Having decided that I needed to do the opposite of painting realistically, or even interpretively, from photos, I was looking for a way to get started when, as often happens, one fell into my lap. An artist called Anita Nairne came to a meeting of the Vancouver Sketch club to give a presentation on her approach to "Intuitive Painting." Anita had her audience members cover a surface with splotches and streaks of paint, working without thought or planning. Next we propped up each piece and studied it from a few feet away, turning the rectangle in all four directions and discussing what images we "saw" in the chaotic mess. The next step, after choosing the preferred orientation, is to pick out the images or shapes one wants to keep and develop, and outline them in chalk. These form the basis of the composition, which can then be completed however the artist wishes.

Anita is not an abstract artist, as you can see from the work on her website, . However, I saw right away that her method could be applied to abstract shapes, and I began to try it. I used the leftover paint on my palette to daub on my first canvas board, with the results shown.

View 1
View 2
 I settled on View 2 and began a back-and-forth process of over-painting and redrawing as I tried to wrestle the raw beginnings into a finished product. I constantly heard in my head the voice of Lucy Hogg, one of my first painting instructors, as she exhorted her students to "listen to the painting," but to be very careful, because, she would add with a wicked little smile, "It will tell you lies!"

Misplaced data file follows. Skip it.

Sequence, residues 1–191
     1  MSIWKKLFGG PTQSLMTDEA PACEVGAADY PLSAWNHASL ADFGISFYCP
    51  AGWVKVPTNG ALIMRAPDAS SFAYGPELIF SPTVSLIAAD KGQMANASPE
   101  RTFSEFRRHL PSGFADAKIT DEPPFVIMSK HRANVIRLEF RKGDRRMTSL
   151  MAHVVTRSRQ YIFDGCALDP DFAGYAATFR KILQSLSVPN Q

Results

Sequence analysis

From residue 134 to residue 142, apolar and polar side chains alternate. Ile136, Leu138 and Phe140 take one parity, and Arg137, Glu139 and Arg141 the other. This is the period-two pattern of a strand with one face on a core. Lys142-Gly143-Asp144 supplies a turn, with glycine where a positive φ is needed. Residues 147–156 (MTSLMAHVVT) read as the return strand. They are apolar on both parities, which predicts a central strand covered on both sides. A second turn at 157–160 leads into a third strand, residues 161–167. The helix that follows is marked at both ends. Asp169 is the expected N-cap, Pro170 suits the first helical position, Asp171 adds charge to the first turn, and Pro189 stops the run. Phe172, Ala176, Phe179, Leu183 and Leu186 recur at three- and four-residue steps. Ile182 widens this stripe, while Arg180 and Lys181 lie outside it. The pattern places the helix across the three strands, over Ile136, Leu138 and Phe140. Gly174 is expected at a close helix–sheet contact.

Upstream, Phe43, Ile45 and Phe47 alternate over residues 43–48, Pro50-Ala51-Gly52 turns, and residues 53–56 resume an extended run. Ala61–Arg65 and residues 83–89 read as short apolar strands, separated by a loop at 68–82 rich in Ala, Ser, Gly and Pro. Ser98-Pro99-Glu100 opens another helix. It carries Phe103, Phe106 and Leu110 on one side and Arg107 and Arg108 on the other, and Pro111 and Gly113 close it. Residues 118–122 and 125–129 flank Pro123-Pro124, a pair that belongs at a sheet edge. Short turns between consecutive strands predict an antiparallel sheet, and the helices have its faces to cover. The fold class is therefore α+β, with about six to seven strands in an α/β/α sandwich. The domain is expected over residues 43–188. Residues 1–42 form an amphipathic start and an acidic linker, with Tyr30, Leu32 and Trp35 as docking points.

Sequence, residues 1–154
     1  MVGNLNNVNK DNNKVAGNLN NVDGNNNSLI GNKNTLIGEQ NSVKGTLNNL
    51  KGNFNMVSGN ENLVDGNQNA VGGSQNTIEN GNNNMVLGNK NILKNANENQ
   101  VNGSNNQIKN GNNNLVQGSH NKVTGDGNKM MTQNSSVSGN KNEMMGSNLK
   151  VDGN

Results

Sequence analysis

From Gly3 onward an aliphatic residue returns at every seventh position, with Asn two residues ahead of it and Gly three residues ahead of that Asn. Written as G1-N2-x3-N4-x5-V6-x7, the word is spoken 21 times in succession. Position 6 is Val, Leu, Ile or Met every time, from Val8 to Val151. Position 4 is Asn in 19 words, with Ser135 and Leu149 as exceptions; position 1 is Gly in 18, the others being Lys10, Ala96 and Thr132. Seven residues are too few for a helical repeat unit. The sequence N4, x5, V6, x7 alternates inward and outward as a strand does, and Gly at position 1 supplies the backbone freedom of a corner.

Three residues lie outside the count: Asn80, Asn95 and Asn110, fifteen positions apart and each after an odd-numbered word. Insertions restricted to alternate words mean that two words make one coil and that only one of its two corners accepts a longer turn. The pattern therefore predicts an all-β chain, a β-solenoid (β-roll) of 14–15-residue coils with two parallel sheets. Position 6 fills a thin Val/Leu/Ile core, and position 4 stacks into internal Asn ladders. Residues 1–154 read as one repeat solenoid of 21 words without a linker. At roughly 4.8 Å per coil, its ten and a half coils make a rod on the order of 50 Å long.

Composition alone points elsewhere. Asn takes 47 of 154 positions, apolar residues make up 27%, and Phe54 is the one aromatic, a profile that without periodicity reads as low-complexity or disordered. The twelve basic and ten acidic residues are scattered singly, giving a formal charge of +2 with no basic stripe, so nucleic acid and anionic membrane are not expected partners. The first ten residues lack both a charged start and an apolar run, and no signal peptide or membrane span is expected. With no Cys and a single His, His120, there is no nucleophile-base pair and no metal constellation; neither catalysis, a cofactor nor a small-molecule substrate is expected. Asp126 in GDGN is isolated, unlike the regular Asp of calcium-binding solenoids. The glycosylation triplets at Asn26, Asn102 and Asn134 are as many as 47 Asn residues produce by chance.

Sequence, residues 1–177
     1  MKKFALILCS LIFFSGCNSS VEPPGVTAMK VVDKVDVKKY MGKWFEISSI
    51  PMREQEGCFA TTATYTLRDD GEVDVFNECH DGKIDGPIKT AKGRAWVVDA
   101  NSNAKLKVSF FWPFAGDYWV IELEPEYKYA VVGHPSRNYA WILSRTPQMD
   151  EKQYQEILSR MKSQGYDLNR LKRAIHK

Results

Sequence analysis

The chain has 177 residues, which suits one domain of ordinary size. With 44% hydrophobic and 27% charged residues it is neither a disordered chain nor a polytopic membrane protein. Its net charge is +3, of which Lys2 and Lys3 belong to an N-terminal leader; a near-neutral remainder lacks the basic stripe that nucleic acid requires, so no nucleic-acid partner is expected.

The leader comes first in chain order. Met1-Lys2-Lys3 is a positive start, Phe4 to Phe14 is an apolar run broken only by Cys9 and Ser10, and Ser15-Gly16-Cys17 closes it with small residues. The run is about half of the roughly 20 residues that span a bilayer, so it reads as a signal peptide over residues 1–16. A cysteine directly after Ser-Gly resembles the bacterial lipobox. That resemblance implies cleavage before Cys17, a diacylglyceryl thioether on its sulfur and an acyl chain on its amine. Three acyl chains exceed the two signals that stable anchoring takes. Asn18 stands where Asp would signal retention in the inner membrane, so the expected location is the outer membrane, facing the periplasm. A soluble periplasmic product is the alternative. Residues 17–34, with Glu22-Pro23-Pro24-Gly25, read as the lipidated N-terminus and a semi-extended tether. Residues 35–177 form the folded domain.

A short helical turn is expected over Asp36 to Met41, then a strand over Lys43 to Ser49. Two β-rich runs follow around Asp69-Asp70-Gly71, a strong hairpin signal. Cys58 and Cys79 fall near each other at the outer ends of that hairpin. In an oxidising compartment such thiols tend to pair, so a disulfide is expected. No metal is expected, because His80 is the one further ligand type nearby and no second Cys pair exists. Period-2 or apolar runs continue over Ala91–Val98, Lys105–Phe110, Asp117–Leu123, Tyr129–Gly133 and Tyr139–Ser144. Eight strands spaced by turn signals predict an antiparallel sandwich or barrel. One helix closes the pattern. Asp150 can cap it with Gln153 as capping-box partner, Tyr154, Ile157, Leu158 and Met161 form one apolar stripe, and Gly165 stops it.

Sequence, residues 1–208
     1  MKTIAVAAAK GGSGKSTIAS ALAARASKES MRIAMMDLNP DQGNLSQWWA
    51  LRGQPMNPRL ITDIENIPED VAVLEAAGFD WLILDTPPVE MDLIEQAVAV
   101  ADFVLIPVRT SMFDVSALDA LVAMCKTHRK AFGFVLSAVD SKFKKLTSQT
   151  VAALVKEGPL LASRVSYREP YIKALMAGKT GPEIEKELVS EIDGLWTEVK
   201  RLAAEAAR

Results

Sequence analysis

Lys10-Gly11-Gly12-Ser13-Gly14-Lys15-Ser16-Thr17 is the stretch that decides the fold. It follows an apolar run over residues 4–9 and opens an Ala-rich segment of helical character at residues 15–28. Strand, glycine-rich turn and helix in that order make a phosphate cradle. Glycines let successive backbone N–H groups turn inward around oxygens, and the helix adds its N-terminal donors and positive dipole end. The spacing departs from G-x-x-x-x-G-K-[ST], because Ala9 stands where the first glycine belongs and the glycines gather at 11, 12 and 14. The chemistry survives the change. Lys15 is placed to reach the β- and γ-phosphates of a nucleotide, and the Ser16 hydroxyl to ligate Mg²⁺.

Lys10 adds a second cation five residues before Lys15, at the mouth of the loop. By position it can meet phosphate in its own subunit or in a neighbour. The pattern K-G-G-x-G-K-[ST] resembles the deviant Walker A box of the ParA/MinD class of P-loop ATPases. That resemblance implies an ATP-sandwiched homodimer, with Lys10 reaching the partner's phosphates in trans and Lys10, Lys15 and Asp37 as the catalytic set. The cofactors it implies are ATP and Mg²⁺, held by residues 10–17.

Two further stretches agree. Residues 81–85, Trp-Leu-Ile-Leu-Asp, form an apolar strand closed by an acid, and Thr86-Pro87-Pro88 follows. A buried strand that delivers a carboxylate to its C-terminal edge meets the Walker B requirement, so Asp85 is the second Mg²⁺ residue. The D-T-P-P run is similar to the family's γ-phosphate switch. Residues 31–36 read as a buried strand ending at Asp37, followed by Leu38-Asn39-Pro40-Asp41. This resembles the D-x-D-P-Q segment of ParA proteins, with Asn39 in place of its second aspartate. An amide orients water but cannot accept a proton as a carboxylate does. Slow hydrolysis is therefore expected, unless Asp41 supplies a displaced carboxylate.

Any artist will tell you that one of the most difficult decisions is when to stop working on a painting, and I've found that even more of a challenge with this way of working. There's the constant danger of pushing the composition too far and losing what one liked about it before. Nevertheless, I do reach a point where I feel comfortable about quitting. My first "Intuition" ended up like this:
Intuition 1 - acrylic - 11"x14" - 2013

 I decided not to give the paintings individual titles, even though I like naming things and some of the images are suggestive of living forms or of quasi-narratives. Just giving them numbers seems to liberate them from specific meaning and to give free rein to the imagination. Here are the next two, the same size as the first:
Intuition 2
Intuition 3 
Intuition 5
At this point I made a mistake and bought a packet of boards that I thought were the same size but were in fact ten inches high instead of eleven. I am at present working on Intuition 9. The process continues to be exasperating, time-consuming, and fascinating to the point of obsession. Each time I have absolutely no idea what the finished product will look like. Now I have them grouped together on the studio wall I am pleased with the effect. But I don't really know what to make of them. What do you think: are they telling me the truth, or lies?
Intuition 4

Intuition 8
Intuition 6


Intuition 7 - acrylic - 10"x14" - 2013